We offer a work in a very interdisciplinary dynamic team led by Lies Geris ( , Bart Smeets (from and Przemko Tylzanowski ( The labs are located in the center of KU Leuven Health Sciences Campus (picture below) with over 4000 researchers working under one roof, many core facilities, very wll communicated with the main airport as well as key train stations.
The position is available IMMEDIATELY.
For further information, please contact Prof. Przemko Tylzanowski ( To apply, please send a motivation letter with names and contact coordinates (email and/or phone) of two referees to the above email address.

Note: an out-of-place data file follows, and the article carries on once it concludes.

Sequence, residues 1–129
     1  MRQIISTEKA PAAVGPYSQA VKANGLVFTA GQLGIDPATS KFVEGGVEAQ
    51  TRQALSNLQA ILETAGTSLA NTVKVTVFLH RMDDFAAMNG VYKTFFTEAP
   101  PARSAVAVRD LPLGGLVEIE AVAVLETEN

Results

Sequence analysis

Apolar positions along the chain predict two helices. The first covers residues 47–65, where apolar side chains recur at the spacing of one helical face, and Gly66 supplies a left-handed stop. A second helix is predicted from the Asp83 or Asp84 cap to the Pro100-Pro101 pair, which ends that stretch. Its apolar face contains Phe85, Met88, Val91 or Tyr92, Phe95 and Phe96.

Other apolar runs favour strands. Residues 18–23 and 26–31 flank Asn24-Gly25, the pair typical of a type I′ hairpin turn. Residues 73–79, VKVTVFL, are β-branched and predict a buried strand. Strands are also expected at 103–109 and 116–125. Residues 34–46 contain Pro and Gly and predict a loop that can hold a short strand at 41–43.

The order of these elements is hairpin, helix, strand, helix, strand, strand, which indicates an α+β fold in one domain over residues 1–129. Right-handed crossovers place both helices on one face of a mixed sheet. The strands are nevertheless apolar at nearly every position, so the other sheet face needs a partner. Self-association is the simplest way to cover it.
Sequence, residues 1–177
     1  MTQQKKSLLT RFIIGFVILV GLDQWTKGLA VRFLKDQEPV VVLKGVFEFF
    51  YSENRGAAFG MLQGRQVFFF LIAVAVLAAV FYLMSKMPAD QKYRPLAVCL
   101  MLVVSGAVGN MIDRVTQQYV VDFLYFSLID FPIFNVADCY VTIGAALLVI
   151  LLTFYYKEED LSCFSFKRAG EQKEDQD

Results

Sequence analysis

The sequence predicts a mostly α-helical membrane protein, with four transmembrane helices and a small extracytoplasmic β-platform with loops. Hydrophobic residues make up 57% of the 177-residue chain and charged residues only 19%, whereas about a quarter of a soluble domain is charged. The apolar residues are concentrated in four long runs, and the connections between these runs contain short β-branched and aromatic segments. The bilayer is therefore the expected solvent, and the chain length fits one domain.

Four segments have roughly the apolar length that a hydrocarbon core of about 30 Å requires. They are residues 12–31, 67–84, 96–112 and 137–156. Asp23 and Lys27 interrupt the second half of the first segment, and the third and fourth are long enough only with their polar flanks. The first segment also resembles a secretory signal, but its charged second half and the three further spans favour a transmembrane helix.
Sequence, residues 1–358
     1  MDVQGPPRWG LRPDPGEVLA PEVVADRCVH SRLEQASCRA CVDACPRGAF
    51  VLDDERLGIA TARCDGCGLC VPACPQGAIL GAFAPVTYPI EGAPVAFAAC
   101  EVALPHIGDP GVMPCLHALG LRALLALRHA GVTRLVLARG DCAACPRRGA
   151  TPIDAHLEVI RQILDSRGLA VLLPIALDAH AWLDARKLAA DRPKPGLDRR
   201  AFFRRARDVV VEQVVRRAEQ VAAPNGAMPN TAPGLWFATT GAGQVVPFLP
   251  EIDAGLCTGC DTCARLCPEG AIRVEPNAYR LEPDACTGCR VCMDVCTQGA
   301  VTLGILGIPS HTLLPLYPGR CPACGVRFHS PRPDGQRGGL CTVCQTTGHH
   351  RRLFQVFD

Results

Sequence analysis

University of Leuven is located 20 km from Brussels (Belgium) in a college town of Leuven. Belgium has been ranked top for academic research and innovation consistently over the many years.

Prof. Przemko Tylzanowski Skeletal Biol. Engin. Res. Center Developmental and Stem Cell Biology Lab Department of Development and Regeneration University of Leuven ON1 box 813 Herestraat 49 3000 Leuven, Belgium

Office Phone: +32 16 37 98 64     Lab Phone: +32 16 34 61 35

Fax: +32 16 34 62 00                      Skype: przemko.lab